Many companies also have a ‘no firearms’ policy at the workplace which is completely lawful.  Those companies that do have a ‘no firearms’ policy are generally not very hospitable towards employees that violate their policies, hence your suspension.  As an additional note, if you carry in an establishment that does not permit concealed carry, you are actually committing a class 3 misdemeanor which can be punishable by up to 30 days in jail and a fine of $500.

While I don’t agree with companies that use these policies to deprive their employees of their constitutional rights and create ‘gun-free crime zones’ for criminals, they are within their legal rights to do so and also within their rights to suspend you for violating their corporate policy.

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Featured Content:

We are back after quite a long break…

May 16, 2013

Hello to all of our readers! After a long hiatus, we will be updating the site again.  Look for lots of new content to be added over the coming weeks.  We will also be updating older posts to reflect the current Arizona CCW laws. Thanks for your patience. Doug Little, Owner and Director of Training [...]

What did the “Campus Concealed Carry” bill really say and why did the Governor veto it?

May 5, 2011

Senate Bill 1467 was a very simply bill.  It would have simply amended the existing ARS statute 13-2911 with a single substantive paragraph.  The paragraph would have preserved the rights of the governing board of an educational institution to adopt rules to preserve public order on that institutions property which would govern the conduct of [...]

Governor Brewer Signs Multiple New Firearms Laws in Arizona.

May 5, 2011

Governor Jan Brewer signed a total of six new firearms related laws in the days following the end of the current session of the Arizona Legislature.  While some of the most controversial laws, specifically the Firearms Omnibus Bill and Campus Concealed Carry bills were vetoed by Governor Brewer, below you can find a synopsis of [...]

U.S. House of Representatives Considering National Right to Carry Reciprocity Bill…

May 4, 2011

Urge Your Representative To Cosponsor H.R. 822, The National Right to Carry Reciprocity Act Of 2011 Friday, April 08, 2011 Congressmen Cliff Stearns (R-Fla.) and Heath Shuler (D-N.C.) have introduced vital legislation that will enable millions of permit holders to exercise their right to self-defense while traveling outside their home states. There are now only [...]

Problems with Interstate Firearms Transfers

July 20, 2010

Question:  I have bought a gun from an individual through Gunsamerica.( Gunsamerica is the broker).  I, the buyer live in Tennessee. The seller lives in Ohio.  I sent him a copy of the a local dealer’s FLL and a check for the gun. The local dealer requested a copy of the seller’s drivers license.   The [...]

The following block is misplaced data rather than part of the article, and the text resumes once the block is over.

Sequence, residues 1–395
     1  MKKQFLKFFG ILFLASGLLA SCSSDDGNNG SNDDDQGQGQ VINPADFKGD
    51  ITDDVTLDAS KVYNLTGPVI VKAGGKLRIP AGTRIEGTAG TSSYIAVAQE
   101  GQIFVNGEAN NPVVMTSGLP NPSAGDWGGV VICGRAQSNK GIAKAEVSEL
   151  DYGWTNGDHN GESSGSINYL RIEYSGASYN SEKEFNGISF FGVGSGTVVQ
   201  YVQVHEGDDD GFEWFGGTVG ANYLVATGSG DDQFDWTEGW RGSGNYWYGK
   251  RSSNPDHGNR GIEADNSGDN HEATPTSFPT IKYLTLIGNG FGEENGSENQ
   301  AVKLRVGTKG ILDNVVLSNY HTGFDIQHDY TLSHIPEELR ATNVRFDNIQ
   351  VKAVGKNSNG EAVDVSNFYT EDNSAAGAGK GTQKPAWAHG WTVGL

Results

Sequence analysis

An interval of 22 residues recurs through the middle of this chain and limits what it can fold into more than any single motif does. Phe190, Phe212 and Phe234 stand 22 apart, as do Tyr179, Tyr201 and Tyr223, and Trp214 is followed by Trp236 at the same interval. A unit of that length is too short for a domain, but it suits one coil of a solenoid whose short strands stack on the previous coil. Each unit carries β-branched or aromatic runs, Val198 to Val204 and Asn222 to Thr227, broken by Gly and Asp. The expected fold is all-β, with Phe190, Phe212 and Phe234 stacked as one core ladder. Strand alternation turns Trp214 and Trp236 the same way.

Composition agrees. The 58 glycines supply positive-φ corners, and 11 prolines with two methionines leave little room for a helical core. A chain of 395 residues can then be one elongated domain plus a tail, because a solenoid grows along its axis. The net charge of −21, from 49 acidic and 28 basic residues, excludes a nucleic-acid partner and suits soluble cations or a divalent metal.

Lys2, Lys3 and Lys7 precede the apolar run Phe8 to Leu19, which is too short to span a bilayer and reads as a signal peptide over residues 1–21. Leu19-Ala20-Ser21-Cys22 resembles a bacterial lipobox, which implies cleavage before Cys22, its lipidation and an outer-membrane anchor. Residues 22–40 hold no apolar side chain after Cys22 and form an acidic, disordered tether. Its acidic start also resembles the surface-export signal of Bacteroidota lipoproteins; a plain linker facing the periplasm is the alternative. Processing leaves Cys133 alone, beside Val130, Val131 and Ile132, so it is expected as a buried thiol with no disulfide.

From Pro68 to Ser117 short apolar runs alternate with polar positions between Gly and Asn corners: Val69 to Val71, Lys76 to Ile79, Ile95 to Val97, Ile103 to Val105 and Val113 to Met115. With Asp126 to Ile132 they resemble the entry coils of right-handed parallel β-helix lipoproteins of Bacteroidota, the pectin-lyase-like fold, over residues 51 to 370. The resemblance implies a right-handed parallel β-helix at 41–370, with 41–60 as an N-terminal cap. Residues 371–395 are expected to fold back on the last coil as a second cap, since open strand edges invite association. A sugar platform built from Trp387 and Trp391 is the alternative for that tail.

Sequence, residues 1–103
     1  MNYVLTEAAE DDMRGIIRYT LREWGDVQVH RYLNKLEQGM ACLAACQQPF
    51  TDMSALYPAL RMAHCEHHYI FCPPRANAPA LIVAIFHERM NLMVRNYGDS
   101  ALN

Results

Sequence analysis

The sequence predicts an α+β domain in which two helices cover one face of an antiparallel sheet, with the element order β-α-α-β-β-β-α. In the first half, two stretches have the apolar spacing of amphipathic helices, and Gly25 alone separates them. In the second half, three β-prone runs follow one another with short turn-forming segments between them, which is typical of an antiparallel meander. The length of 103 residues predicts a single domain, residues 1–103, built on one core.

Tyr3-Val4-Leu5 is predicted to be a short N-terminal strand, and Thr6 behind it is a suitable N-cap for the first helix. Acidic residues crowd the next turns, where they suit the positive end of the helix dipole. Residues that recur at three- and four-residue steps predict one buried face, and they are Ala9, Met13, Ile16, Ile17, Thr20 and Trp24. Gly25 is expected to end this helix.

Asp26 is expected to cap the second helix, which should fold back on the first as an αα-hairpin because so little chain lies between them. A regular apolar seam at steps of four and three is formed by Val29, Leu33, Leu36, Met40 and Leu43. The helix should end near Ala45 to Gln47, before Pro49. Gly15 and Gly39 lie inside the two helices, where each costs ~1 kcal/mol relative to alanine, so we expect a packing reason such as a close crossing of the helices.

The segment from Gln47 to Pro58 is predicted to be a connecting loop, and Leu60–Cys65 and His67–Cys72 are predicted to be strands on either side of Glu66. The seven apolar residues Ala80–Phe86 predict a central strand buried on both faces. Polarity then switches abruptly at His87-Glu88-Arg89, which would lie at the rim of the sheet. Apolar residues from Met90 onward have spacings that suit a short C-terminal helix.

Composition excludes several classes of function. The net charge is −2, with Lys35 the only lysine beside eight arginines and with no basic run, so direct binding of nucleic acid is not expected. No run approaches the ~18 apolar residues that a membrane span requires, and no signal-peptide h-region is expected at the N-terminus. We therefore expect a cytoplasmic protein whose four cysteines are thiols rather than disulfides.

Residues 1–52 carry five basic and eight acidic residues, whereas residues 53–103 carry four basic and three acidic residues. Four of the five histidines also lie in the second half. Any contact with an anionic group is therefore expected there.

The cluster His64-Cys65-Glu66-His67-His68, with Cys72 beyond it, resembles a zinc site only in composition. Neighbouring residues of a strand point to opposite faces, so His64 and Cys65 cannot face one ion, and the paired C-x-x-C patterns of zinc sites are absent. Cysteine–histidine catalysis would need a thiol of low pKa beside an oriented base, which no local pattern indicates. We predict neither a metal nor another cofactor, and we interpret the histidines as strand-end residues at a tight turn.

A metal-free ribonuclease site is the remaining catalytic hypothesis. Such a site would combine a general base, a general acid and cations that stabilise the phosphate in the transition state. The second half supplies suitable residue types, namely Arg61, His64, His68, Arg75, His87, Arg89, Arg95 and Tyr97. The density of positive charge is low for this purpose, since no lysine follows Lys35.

Best Caliber Handgun for Self-Defense

July 20, 2010

Question:  I am wondering what would be the most effective handgun to carry in an apocalyptic, doomsday type scenario. I’ve read the .45 has the best knockdown power, the .357 has the best metal penetrating ability, and the 9mm would be the most common ammunition around.  I’m fairly sure that each of the above calibers [...]

Felony Conviction and Federal Home Protection Act

July 20, 2010

Question:  I am a felon and had to do a prison sentence.  My house was broke into twice while I was in bed asleep and both times I fled the home for my safety.  The police are telling me there is no true way to protect myself inside my home and that felons cannot possess [...]

Arizona Constitutional Carry About to Become Law…

April 15, 2010

A bill that would eliminate the requirement for Arizona residents to have a permit in order to carry a concealed weapon in Arizona has passed both houses of the Arizona Legislature and is awaiting Governor Jan Brewer’s signature before it becomes law.  If signed by the governor, the new law would take effect 90 days [...]

Open Carry in a Vehicle in Arizona

March 25, 2010

Question:  I am coming from out of state and was wondering if it was legal for me to open carry in the state even though I don’t have an Arizona CCW permit.  My other question is can I open carry in a car or does the handgun have to be cased and loaded? Answer:  You [...]

Felony Conviction and Firearms Possession…

March 8, 2010

Question:  I was convicted of a felony in 1998.  Can I legally possess a firearm? Answer: Since you didn’t tell me where you lived, I will have to assume that you are in Arizona.  Unless you have had your felony conviction set aside, you cannot legally possess a firearm.  Since it has been a very [...]